128: Improving urban air quality through increased cycling use
Dr Adrian Davis
Top line: Even modest increases in urban cycling gained from reductions in motor vehicle use could lead to improvements in respiratory health let alone the benefits of increased physical activity. There are also significant benefits to the economy including healthcare.
Evidence suggests that short episodes of high exposure to air pollution occur while commuting. These events can result in potentially adverse health effects which are distributed unequally across different modes. Conversely, a broader question as to the contribution that increases in active travel can make on air quality is one which is less well studied. Across the developed world it is common for many urban commutes to be short enough for a significant mode shift to at least the bicycle to be possible. In GB 67% of all trips are less than 5 miles in length (and 18% are less than one mile in length).1
A few studies have sought to assess what impacts on air pollution a shift to cycling could make to improving air quality. Research in New Zealand modelling for a range of health impacts – the illness, premature deaths, vehicle pollutant and greenhouse gas emission effects of changing trips from cars to bicycles were not comprehensively covered by a single modelling instrument, therefore researchers used a number of existing tools to capture these effects.2 The New Zealand Household Travel Survey was the starting dataset and this enabled light vehicle kilometres travelled in urban areas to be calculated and converted to cycling kilometres. Data from other models expressed on a per kilometre basis enabled the potential health and emission effects from moving light vehicle kilometres to cycling to be calculated. The researchers estimated the effects on health of using bicycles instead of light vehicles for varying proportions of short trips (≤7 km).
Air pollution: the effects on health of moving short urban car trips (≤7 km) to cycling (annual): from 1% to 30% of vehicle km in New Zealand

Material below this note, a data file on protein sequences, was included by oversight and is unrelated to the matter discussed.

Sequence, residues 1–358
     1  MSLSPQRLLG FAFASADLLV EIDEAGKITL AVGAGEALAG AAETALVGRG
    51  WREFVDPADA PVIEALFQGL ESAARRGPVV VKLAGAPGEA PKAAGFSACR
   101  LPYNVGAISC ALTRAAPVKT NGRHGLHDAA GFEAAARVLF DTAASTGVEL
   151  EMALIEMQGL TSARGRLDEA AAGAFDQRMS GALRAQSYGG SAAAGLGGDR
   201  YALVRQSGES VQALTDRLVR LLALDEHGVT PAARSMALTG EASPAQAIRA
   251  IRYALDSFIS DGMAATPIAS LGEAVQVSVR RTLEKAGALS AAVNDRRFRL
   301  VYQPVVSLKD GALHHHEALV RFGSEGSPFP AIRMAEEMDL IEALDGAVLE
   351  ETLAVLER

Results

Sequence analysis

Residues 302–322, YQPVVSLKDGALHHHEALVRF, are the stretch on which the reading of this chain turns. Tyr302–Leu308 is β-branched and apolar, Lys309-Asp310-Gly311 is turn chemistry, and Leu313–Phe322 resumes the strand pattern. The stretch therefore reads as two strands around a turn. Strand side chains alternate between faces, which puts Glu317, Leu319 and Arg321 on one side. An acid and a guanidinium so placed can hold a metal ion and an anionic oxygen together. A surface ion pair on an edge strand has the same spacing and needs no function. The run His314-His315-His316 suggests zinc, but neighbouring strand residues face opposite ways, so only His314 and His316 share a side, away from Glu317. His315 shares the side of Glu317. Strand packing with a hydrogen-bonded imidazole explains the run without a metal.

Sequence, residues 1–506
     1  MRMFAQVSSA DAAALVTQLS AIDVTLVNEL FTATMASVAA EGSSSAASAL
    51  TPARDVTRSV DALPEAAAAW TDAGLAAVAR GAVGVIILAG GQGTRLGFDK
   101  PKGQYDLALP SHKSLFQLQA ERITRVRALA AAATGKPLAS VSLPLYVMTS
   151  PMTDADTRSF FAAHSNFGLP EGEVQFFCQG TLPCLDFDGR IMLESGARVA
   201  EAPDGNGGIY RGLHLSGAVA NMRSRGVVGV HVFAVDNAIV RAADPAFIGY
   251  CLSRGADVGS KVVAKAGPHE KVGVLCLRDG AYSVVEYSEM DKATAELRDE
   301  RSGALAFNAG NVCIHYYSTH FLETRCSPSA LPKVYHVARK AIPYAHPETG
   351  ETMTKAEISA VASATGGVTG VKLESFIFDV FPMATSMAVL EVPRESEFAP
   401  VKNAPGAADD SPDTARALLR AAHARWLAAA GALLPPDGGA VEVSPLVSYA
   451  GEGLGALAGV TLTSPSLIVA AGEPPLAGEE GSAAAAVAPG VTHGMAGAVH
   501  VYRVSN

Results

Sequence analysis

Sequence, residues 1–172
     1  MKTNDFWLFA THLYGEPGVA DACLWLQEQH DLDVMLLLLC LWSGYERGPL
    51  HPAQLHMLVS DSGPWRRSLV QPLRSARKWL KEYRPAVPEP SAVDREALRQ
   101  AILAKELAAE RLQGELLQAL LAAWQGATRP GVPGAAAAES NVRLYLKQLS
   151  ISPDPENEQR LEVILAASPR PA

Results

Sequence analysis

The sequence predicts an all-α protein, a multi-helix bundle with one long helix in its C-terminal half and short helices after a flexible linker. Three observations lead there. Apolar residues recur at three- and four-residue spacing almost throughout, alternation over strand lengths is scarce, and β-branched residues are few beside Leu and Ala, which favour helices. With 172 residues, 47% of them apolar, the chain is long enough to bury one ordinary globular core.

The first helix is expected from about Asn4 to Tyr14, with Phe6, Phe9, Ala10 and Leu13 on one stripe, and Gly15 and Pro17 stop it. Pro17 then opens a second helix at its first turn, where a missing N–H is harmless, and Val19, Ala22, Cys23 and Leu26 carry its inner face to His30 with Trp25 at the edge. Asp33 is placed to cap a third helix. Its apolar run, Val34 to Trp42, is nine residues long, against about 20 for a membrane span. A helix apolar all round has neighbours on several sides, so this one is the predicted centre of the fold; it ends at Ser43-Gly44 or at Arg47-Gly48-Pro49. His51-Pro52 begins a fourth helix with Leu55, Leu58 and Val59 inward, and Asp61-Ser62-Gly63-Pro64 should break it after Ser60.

|Reduced restricted-activity days||1,515||7,574||15,148||45,443|
|Reduced acute cardiac and respiratory admissions||0.6||2.8||5.6||16.7|
|Savings in health care – hospital costs only (GB£)||704,193||3,520,807||7,041,299||21,124,844|
Assumptions inherent in the modelling enabled fair confidence that the benefits of replacing car trips with cycling outweigh the harms. The effects of air pollution were limited by the modelling to adults. However, improvements in air quality of changing transport patterns would have potentially greater impacts on the respiratory health of children. The estimates are therefore likely to underestimate the true benefits. These finding are supported by a similar US study that reported that significant health benefits and benefits for the economy are possible if bicycling replaces short car trips.3 Less dependence on motor vehicles in urban areas would also improve health in downwind rural settings.
1 Department for Transport, 2014 National Travel Survey 2013. London: DfT.
2 Lindsay, G., Mcmillian, A., Woodward, C, 2011 Moving urban trips from car to bicycles: impact on health and emissions, Australian and New Zealand Journal of Public Health, 35(1): 54-60.
3 Grabow, M. et al, 2012 Air quality and exercise-related health benefits from reduced car travel in the Midwestern United States, Environmental Health Perspectives, 120(1): 6876.